Concussion Clinic

Clinic Overview

OrthoNC is proud to now offer clinical concussion education, evaluation, and treatment. Through the OrthoNC Concussion Clinic you will receive comprehensive concussion management involving a thorough history, physical exam (including head, neck, neurological and cognitive function assessment), patient education, and treatment. In addition we use Neuropsychological (ImPACT) testing as an objective measure of brain function and may order neuroimaging if deemed necessary. Our primary goal is to help educate athletes, trainers, coaches, and parents on the prevention, recognition, proper evaluation, and treatment of concussions. We hope to get you back to participation as quickly as is medically safe.

General Facts

Sport related concussion (also called Mild Traumatic Brain Injuries, mTBI) is a common injury that likely goes under reported by pediatric, adolescent, and adult athletes. The Centers for Disease Control and Prevention estimate that 1.6 million to 3.8 million recreation and sports-related concussions occur in the United States yearly, although the true incidence is probably much higher.

Other concussion facts include:

  • Football has the highest incidence of concussion
  • Girls have higher concussion rates than boys in similar sports
  • Concussions represent and estimated 8.9% of all high school athletic injuries
  • Less than 10% of concussions result in a loss of consciousness
  • In female sports, rates of concussions are highest in soccer and basketball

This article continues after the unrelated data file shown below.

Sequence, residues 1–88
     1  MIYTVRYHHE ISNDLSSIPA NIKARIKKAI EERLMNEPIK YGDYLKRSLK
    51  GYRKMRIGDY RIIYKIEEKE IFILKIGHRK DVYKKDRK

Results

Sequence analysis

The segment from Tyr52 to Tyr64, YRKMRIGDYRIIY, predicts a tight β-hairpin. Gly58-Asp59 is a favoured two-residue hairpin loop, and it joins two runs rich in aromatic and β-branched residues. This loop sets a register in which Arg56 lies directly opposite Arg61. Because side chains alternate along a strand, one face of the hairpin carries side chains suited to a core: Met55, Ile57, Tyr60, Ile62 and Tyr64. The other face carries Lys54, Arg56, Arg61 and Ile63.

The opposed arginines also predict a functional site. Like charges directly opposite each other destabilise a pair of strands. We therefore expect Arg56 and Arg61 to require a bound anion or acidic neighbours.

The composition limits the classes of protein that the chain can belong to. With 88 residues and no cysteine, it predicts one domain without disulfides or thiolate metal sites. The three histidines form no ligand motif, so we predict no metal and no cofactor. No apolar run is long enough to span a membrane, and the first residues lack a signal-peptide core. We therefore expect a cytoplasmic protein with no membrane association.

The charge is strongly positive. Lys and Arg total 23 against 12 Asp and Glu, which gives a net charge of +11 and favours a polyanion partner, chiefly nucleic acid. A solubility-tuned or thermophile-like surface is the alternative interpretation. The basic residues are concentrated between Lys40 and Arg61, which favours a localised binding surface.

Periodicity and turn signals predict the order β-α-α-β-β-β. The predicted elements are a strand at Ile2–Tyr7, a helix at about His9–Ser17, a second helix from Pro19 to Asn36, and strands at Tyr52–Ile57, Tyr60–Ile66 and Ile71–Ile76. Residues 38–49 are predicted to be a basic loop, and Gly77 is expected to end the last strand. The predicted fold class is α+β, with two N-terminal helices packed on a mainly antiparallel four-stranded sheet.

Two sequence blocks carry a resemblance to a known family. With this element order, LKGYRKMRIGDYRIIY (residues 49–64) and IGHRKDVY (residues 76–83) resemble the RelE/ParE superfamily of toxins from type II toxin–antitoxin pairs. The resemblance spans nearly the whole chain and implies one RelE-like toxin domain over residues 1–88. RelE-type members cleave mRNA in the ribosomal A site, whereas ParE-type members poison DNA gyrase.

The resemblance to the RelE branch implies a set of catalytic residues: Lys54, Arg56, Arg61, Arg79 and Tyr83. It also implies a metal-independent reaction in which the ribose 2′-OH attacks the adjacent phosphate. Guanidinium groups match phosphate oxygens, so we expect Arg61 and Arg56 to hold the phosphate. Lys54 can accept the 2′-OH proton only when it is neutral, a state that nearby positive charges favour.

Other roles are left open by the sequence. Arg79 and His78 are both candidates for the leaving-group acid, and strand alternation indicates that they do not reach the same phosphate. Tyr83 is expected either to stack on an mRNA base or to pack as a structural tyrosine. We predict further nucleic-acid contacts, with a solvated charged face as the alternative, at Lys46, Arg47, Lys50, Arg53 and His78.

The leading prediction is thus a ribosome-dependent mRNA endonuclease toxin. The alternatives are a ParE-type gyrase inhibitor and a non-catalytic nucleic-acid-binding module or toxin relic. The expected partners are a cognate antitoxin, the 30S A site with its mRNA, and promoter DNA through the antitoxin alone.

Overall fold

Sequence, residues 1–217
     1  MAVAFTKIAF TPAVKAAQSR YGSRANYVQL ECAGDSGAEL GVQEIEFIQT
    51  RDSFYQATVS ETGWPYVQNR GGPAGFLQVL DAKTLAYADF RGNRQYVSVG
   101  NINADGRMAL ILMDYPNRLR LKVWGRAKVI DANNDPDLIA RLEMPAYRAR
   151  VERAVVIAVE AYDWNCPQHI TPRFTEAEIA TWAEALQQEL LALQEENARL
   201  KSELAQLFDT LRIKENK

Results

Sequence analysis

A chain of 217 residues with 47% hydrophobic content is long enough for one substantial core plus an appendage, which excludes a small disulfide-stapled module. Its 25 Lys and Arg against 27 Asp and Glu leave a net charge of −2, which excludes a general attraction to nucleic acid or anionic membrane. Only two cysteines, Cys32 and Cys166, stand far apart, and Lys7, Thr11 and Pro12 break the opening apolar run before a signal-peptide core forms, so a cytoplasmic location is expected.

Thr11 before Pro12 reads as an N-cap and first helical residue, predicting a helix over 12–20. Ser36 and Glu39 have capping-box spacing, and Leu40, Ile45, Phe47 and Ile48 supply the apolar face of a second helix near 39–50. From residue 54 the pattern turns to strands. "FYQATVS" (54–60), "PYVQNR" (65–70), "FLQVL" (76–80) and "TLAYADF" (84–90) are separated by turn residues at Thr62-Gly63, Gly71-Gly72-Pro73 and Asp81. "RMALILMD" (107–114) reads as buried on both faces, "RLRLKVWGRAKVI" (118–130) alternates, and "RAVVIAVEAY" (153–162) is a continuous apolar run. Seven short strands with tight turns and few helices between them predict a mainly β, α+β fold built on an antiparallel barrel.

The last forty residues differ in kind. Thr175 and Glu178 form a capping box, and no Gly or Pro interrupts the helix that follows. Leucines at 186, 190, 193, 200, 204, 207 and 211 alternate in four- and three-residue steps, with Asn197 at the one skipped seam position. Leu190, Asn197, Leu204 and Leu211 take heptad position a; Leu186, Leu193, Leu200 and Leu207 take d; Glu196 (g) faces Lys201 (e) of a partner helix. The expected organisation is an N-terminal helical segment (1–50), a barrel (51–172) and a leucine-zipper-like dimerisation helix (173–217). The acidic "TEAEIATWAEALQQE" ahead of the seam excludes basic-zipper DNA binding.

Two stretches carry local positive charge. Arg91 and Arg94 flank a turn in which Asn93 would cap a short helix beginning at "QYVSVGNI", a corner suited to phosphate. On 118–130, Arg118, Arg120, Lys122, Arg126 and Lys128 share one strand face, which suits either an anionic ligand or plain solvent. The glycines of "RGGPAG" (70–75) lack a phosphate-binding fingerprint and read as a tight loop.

• Athletes who have had a concussion are at increased risk for another concussion
  • Children and teens are more likely to get a concussion and take longer to recover

Please visit The Centers for Disease Control and Prevention for more details

References

Centers for Disease Control and Prevention website Halstead M, Walter K, and The Council on Sports Medicine and Fitness. Clinical Report – Sport-Related Concussion In Children and Adolescents. Pediatrics. 2010; 126: 597-611

Concussion Definition

Concussions are a type of brain injury and are sometimes referred to as a Mild Traumatic Brain Injury (mTBI). A concussion is caused by the head moving rapidly back and forth. This may be from a direct blow to the head, face, or neck or by a blow to the body with a resultant movement of the head.

Concussions result in immediate symptoms that typically resolve spontaneously over a short period of time. These symptoms are not due to a structural change in the brain which is why there are no changes typically found on scans of the head. An athlete does not need loss of consciousness to have a concussion.

Signs and Symptoms

The public has become increasingly more aware of the dangers of concussions as the media has focused more attention to the topic. Athletic trainers, athletes, and coaches have also become more adept at recognizing the signs and symptoms associated with concussions. The signs and symptoms of concussion typically resolve in 7 to 10 days. There are some recoveries from concussions, however, that may take weeks to months.

Some typical symptoms associated with concussion include:

Physical: Headache, nausea, vomiting, balance problems, visual problems, fatigue, sensitivity to light or noise, dazed, stunned.